Jim said he wanted to go hiking. Craig just nodded as he piloted the Aveo through traffic. Any connection with reality had been left in Saskatchewan, a long time ago. He pulled into a 7-11 and purchased some terriyaki jerky and a slushy. Jim got a Mountain Dew Big Gulp, without ice.
The path began a gradual ascent, sloping canyon walls on either side. Loose pebbles and the dimples of a thousand footprints, plastic water bottles and soda cans, dented and bleached in the sun. Craig’s white leather loafers slipped and skidded and everywhere there seemed to be golden weed and sagebrush, low-lying clumps of prickly pear cactus. A red-tailed hawk circled high overhead, drifting in the late afternoon haze.
They had reached the top and were sitting. The city of angels stretched out forever below them, or until it disappeared into the smog. The sun was going down. Sager took a bite of his jerky. “You’re not really him, are you?” Jim shrugged, “who are we really?” He pulled out a wrinkled SAG card. “I never really worked a lot. Casting directors said I looked too much like Clint Howard. They gave me season tickets and then they said I couldn’t come around anymore. I don’t know what happened to the real Jim.”
Sager handed the card back. “You haven’t touched your Mountain Dew.” The actor looked sideways at him and smiled. Then turned his attention back to the smog belt. Layers of red and purple.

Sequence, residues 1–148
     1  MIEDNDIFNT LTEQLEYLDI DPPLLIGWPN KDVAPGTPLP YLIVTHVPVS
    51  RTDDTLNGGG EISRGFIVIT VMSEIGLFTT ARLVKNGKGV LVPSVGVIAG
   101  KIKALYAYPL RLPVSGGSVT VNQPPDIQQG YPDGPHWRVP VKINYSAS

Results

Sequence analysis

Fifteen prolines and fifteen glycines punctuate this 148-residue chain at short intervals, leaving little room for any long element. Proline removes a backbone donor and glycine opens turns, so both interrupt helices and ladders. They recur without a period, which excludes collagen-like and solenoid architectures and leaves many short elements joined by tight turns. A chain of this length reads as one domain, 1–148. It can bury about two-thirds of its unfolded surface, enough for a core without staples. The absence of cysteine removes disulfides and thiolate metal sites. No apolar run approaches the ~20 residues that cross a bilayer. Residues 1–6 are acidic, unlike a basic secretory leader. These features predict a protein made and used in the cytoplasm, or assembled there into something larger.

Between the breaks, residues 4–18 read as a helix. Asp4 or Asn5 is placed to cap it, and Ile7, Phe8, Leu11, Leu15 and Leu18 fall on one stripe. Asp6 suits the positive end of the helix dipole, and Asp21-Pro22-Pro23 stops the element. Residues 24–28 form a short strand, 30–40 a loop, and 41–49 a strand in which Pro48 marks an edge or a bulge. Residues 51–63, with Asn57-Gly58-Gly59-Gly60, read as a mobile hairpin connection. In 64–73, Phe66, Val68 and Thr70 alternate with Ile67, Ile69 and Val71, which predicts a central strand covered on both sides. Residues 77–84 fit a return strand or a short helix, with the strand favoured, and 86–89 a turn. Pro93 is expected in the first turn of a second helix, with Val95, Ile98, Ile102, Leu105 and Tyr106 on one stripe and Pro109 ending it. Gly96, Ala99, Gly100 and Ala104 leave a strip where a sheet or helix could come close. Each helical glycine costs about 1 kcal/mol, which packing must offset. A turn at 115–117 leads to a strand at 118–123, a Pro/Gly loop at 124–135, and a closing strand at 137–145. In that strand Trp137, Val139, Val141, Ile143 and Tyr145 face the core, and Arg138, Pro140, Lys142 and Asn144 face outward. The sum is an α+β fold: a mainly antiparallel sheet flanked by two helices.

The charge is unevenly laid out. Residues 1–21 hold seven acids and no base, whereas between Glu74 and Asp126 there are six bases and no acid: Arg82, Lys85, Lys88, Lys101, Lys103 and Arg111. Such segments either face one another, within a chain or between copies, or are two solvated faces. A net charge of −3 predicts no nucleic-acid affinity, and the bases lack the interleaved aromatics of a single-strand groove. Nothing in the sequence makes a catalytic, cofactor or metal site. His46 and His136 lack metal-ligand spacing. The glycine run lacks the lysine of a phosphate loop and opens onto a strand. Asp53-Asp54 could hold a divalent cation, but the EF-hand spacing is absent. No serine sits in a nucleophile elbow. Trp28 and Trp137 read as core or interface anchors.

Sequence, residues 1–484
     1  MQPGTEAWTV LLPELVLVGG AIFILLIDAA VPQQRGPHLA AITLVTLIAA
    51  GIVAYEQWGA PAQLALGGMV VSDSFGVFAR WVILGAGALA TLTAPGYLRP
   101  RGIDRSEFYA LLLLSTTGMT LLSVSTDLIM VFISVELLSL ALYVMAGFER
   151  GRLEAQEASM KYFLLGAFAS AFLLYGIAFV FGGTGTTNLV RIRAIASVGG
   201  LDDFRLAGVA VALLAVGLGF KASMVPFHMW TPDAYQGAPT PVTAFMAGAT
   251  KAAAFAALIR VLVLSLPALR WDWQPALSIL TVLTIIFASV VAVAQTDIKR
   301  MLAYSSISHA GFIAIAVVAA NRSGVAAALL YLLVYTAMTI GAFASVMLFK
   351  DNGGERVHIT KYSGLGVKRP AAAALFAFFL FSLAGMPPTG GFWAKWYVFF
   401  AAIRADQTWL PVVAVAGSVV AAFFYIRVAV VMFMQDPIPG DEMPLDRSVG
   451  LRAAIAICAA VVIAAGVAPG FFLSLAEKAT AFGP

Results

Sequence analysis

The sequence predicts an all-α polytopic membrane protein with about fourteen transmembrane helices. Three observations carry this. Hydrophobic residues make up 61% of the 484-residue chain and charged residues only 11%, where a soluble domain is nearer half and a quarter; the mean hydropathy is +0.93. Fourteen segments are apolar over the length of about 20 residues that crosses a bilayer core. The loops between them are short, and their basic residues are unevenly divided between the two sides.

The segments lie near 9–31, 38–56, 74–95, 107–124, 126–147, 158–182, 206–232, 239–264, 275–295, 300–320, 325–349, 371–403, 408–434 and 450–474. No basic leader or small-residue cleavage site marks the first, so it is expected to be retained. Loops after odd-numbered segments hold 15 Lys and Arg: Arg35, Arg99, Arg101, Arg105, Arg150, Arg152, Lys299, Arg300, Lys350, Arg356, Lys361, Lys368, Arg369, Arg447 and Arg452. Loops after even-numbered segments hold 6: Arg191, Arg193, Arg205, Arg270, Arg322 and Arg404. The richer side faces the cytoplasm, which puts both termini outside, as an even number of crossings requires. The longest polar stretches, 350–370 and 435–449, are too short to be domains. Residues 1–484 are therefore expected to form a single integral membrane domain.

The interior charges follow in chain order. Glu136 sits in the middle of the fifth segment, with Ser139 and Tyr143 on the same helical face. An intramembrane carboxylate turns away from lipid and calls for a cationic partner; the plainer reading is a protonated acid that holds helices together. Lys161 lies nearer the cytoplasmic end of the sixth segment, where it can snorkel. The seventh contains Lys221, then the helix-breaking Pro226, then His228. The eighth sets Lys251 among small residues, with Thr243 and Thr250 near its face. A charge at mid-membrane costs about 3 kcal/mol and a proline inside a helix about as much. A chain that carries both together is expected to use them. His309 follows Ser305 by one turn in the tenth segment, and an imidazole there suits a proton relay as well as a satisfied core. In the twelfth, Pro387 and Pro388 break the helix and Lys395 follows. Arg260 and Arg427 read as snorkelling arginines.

Ernie Johnson looked up from his notes and frowned. “What is it this time, Craig?” Sager smiled toothily, savoring the moment. “Okay, so the whole damned thing with Kobe and Jim Buss, right? Have I got a story.” Ernie stared. The tiniest spark might have flickered across his eyeball, behind the bifocals. Craig took an uncertain step backward, reached into his pocket for his android. His stubby fingers danced across the touch screen, pages scrolled. Jim Buss had never existed. Only broken noses and trade rumors.
A girl entered the room. "They’ve been waiting for you down in wardrobe, Mr. Sager. There’s a new chiffon sports jacket they’d like you to try.”
Sager’s eyes rolled wildly between Ernie Johnson and the girl. He tried screwing his courage to the sticking place. “Right. I just have to use the restroom first. Diet soda.” He shrugged, helplessly. Ernie frowned. “What were you saying before?”
Craig Bartholomew Sager shook his head. “Ah, haha. Nothing Ernie. Excited to try the jacket.”
The girl looked toward Ernie who nodded. She headed out the door. “We’ll be down in wardrobe, Mr. Sager.” She wagged a finger and attempted a playful tone. “Don’t you keep us waiting this time.”
Sager turned on the faucet, splashed his face. He straightened up, pulled a paper towel from the dispenser, folded it neatly and blotted his face. He considered saving the towel but it was starting to come apart at the folds. He examined his reflection from several different angles. He tried smiling at himself but only his mouth moved.
High tracking shot of a RAV4, heading north past the Canadian border. Intercut the slip of paper, now folded into a tiny Origami unicorn, perched by the washroom sink. Inside the car, Craig Sager had his eyes on the the road ahead. Jim was looking out the window at scenery floating by.
Sager’s V.O. “The security guard said the first Jim was special, no termination date. I didn’t know how long we’d have. No one does.”